- Tell them to keep the meaning of these documents in mind, as they read through the words of Remond and Stewart to get an understanding of how free black women interpreted America's social and political situation.
- Tell the students they have 30–40 minutes to go through their primary source package and answer the questions. While they are working, circulate amongst the groups to make sure that they understand the assignment and they are correctly analyzing the sources (as much as possible, push them to synthesize the material, drawing connections, making comparisons, etc.).
Part Three: Closure
- At the end of the assignment, students should present their findings to the class for open discussion.
(If necessary, primary source excerpts can be shortened)
The Declaration of Independence. Full text here.
"We hold these truths to be self-evident, that all men are created equal, that they are endowed by their Creator with certain unalienable Rights, that among these are Life, Liberty and the pursuit of Happiness"
The Preamble to the United States Constitution. Full text here.
"We the People of the United States, in Order to form a more perfect Union, establish Justice, insure domestic Tranquility, provide for the common defense, promote the general Welfare, and secure the Blessings of Liberty to ourselves and our Posterity, do ordain and establish this Constitution for the United States of America."
Sarah Parker Remond. Excerpt from a letter written September 18, 1858. In Speak Out in Thunder Tones: Letter and Other Writings by Black Northerners, 1787–1865, edited by Dorothy Sterling. New York, NY: Da Capo Press, unabridged paperback edition 1998: 177.
"Dear Friend: There is a very strong effort being made on the part of the slaveholder and their allies to legalize the slave trade. Only think of it, in the nineteenth century, a nation which years ago declared the slave trade piracy, endeavoring to legalize traffic in bodies and souls of men and women. Is it not enough to make one's heart sick? It is true that the traffic in slaves has always been carried on, but now there will be an attempt made to throw around this infamous crime the sanction of law. "And why not?" I may ask, "When the Supreme Court of the United States has declared that men and women with a dark complexion 'have no rights which white men are bound to respect.'"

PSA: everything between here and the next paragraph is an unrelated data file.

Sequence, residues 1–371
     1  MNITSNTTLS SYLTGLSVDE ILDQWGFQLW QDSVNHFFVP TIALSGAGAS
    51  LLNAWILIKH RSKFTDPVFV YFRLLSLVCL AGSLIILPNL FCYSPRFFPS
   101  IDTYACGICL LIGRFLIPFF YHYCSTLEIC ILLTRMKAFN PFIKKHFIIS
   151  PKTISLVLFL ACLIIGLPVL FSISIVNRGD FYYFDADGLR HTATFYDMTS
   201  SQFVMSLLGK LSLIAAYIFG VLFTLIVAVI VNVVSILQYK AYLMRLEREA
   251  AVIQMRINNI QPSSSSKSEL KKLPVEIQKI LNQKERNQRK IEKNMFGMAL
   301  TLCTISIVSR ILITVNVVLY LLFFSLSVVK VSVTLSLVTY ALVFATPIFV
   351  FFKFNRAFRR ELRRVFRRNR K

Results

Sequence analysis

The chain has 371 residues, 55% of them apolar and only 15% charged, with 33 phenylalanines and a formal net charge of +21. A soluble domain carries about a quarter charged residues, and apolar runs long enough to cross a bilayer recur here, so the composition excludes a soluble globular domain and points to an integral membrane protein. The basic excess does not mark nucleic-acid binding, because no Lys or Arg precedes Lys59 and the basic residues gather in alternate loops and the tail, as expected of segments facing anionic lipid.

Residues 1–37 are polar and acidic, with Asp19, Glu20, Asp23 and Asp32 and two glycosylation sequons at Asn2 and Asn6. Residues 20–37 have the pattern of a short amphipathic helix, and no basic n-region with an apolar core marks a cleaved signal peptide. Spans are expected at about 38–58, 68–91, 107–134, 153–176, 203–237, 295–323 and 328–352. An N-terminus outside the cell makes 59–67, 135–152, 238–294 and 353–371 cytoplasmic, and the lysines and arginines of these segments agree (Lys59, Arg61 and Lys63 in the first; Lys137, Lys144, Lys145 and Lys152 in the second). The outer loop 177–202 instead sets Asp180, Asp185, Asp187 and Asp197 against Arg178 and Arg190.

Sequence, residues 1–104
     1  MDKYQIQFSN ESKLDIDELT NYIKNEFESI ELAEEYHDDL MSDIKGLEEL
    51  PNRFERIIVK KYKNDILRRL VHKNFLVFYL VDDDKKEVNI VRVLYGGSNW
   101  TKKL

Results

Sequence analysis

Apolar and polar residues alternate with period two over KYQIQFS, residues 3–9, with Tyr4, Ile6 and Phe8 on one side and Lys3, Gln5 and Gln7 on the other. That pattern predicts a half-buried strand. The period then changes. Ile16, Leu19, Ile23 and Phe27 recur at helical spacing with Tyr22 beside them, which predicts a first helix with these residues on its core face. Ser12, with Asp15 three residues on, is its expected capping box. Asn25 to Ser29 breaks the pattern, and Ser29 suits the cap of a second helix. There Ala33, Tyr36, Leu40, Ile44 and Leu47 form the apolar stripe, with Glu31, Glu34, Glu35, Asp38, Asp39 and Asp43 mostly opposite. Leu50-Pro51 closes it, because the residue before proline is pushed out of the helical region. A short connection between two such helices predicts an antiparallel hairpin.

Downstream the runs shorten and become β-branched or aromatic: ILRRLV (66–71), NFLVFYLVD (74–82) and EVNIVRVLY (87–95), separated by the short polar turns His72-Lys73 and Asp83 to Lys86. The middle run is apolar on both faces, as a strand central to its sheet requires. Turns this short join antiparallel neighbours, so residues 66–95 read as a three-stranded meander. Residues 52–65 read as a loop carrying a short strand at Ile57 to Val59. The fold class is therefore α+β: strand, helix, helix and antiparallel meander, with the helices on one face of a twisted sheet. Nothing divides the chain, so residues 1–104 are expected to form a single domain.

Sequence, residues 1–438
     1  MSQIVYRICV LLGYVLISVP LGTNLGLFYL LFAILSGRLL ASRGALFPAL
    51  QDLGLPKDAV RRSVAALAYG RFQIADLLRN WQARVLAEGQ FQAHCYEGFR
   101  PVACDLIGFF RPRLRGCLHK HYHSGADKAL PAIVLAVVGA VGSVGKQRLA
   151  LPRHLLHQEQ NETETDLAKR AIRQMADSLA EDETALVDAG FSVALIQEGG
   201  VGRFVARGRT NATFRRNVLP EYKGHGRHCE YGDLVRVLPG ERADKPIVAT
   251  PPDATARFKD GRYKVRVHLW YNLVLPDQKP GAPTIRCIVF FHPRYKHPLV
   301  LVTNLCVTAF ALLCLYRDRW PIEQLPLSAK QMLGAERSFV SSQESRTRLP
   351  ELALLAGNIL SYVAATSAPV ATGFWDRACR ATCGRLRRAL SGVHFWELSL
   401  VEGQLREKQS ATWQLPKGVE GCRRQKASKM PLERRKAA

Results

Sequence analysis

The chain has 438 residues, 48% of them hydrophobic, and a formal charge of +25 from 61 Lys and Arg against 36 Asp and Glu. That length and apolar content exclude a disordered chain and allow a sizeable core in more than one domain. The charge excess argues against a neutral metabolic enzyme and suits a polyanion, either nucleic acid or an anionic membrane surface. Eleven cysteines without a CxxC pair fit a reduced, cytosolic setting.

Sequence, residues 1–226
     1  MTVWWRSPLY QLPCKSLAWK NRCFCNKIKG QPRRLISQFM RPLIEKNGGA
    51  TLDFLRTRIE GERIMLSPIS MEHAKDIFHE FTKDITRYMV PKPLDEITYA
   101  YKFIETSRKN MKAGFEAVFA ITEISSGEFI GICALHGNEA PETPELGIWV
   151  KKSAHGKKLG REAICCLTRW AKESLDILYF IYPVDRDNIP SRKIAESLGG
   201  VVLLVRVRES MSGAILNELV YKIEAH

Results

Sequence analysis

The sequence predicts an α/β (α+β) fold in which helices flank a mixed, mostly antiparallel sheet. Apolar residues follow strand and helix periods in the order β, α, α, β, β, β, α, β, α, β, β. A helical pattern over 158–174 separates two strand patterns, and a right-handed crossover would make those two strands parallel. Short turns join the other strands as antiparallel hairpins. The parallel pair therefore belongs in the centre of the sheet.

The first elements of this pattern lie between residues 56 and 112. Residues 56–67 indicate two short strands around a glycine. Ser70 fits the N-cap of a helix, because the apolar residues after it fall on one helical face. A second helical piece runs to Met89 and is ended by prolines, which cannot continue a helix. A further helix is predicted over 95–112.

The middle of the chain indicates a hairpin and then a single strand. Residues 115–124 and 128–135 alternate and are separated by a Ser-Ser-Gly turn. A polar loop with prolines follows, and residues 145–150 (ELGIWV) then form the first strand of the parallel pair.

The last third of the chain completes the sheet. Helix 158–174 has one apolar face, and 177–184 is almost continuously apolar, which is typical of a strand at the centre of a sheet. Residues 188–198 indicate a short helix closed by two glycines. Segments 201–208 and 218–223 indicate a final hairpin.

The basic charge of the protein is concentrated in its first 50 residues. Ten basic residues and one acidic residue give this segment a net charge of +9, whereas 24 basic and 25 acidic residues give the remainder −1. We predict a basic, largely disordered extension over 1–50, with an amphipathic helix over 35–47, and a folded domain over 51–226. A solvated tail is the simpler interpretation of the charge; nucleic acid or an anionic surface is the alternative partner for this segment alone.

Sarah Parker Remond. "Anti-Slavery Advocate, 1859," In Black Women in Nineteenth-Century American Life: Their Words, Their Thoughts, Their Feelings, edited by Bert James Loewenberg and Ruth Bogin. Penn: Pennsylvania State University Press, 1976: 226–227.
"The true and sincere abolitionists in America inculcate and act on the maxim, "God is our father and the creator of us all, whatever may be our colour, complexion, race or country. We are all equal in the sight of God." This also was a maxim taught and practically illustrated in the lives and acts of the early Christians, who worshipped the true God in secret in the catacombs of Pagan Rome. These were the sentiments which, emanating from the glowing heart of the Savior and from his sacred lips, still characterize the acts and doings of those who were known as ultra abolitionists in America, who are stigmatized by every vile reproach, both as a body and individually, which vindictive malice can suggest. The abolitionists are not identified with any political party; their watchword is, "The immediate and unconditional abolition of American slavery."
Sarah Parker Remond. Excerpt from Darlene Clark Hine, Elsa Barkley Brown, Rosalyn Terborg-Penn, Black Women in America: An Historical Encyclopedia, Vol II M – Z [Bloomington and Indianapolis: Indiana University Press, 1993] pp. 972-974.
"I appeal on behalf of four millions of men, women and children who are chattels in the Southern States of America. Not because they are identical with my race and color, though I am proud of that identity, but because they are men and women. The sum of sixteen hundred millions of dollars is invested in their bones, sinews and flesh—is this not sufficient reason why all the friends of humanity should not endeavor with all their might and power, to overturn the vile systems of slavery."
MariaStewart. Excerpt from "Religion And The Pure Principles Of Morality, The Sure Foundation On Which We Must Build." See full version here.